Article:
Tuesday, March 15, 2011
Pope Benedict's Lenten Message, Part 3
In order to undertake more seriously our journey towards Easter and prepare ourselves to celebrate the Resurrection of the Lord – the most joyous and solemn feast of the entire liturgical year – what could be more appropriate than allowing ourselves to be guided by the Word of God? For this reason, the Church, in the Gospel texts of the Sundays of Lent, leads us to a particularly intense encounter with the Lord, calling us to retrace the steps of Christian initiation: for catechumens, in preparation for receiving the Sacrament of rebirth; for the baptized, in light of the new and decisive steps to be taken in the sequela Christi and a fuller giving of oneself to him.
The First Sunday of the Lenten journey reveals our condition as human beings here on earth. The victorious battle against temptation, the starting point of Jesus’ mission, is an invitation to become aware of our own fragility in order to accept the Grace that frees from sin and infuses new strength in Christ – the way, the truth and the life (cf. Ordo Initiationis Christianae Adultorum, n. 25). It is a powerful reminder that Christian faith implies, following the example of Jesus and in union with him, a battle “against the ruling forces who are masters of the darkness in this world” (Eph 6: 12), in which the devil is at work and never tires – even today – of tempting whoever wishes to draw close to the Lord: Christ emerges victorious to open also our hearts to hope and guide us in overcoming the seductions of evil.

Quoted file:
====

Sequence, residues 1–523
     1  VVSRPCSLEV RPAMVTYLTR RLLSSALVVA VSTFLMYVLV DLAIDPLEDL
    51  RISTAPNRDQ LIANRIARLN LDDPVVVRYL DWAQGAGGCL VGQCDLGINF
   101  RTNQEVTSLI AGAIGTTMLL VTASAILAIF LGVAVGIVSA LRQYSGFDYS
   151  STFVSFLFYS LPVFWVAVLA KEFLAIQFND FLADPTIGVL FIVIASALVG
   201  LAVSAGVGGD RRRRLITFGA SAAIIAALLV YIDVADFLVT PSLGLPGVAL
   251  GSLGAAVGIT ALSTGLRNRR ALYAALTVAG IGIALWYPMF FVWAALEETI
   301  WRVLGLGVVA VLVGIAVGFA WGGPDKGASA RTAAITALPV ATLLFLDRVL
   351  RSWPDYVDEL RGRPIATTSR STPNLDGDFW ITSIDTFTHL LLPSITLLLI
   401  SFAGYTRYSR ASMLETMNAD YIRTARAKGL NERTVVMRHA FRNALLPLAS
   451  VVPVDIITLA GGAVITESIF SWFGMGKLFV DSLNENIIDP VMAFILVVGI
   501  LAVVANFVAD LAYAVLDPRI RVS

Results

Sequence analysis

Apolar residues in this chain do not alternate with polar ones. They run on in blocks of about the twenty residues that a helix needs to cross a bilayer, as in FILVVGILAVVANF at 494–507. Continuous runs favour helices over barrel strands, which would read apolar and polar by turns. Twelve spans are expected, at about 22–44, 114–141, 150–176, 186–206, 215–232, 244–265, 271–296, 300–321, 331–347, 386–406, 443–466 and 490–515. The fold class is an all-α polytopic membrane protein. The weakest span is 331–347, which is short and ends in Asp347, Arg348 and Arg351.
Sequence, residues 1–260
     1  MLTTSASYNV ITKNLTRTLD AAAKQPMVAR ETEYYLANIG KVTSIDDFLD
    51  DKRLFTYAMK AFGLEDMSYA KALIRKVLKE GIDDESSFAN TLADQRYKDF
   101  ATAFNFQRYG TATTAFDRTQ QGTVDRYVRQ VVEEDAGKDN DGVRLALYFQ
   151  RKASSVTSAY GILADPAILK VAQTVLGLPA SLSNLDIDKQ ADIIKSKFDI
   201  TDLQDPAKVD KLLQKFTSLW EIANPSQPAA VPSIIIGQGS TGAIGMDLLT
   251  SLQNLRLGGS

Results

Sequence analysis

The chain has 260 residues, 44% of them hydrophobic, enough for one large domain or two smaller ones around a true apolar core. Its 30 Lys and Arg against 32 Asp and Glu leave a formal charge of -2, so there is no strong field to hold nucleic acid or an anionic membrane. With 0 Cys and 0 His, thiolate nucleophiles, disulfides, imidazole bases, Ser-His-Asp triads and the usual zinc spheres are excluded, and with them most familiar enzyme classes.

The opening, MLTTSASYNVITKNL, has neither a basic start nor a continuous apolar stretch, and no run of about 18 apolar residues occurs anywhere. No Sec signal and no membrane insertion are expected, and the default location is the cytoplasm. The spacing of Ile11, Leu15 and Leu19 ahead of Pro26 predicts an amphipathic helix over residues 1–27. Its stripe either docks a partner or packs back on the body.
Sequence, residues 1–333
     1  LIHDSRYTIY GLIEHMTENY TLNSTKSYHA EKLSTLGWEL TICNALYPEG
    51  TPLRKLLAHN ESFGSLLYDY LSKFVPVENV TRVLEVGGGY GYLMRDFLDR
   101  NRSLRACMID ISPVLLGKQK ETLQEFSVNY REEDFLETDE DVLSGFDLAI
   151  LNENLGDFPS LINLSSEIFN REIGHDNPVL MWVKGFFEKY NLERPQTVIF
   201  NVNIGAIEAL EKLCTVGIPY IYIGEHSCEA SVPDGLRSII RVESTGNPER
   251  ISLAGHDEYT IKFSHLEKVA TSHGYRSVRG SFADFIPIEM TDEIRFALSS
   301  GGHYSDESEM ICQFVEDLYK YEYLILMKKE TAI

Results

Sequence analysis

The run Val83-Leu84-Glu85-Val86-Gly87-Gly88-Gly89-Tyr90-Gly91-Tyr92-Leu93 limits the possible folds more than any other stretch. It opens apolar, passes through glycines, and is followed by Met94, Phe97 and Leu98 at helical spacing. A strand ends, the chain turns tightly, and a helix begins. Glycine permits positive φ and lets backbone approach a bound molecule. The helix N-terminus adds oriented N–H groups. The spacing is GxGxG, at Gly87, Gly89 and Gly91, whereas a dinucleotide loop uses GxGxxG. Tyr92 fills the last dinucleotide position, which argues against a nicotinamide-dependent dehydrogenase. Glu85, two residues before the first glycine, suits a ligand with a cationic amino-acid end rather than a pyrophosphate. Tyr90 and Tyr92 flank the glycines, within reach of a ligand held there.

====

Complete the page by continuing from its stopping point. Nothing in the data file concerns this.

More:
The greatest trick at Satan's disposal is the ability to convince human beings that he does not exist. Ignorant priests and pew-sitters proclaim that Satan is not real, that belief in the Devil went out with the Second Vatican Council.
Dear Reader, may you, an otherwise intelligent human being, not be so ignorant as to think Satan does not exist. Battle with Satan was part of the journey of God Incarnate; battle with Satan is part of your life as a follower of God Incarnate, too. May your Lenten journey of bring you ever closer to Christ, into whose victory over Satan, sin, and death you were incorporated at Baptism.
Posted by The Hermit at 5:51 AM